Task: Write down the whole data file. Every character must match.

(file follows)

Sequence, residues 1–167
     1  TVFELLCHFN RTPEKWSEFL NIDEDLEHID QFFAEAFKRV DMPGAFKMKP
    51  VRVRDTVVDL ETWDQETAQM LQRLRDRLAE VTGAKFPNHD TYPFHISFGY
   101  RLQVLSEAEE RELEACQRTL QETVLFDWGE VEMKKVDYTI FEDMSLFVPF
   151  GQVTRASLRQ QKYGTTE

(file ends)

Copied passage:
Sequence, residues 1–167
     1  TVFELLCHFN RTPEKWSEFL NIDEDLEHID QFFAEAFKRV DMPGAFKMKP
    51  VRVRDTVVDL ETWDQETAQM LQRLRDRLAE VTGAKFPNHD TYPFHISFGY
   101  RLQVLSEAEE RELEACQRTL QETVLFDWGE VEMKKVDYTI FEDMSLFVPF
   151  GQVTRASLRQ QKYGTTE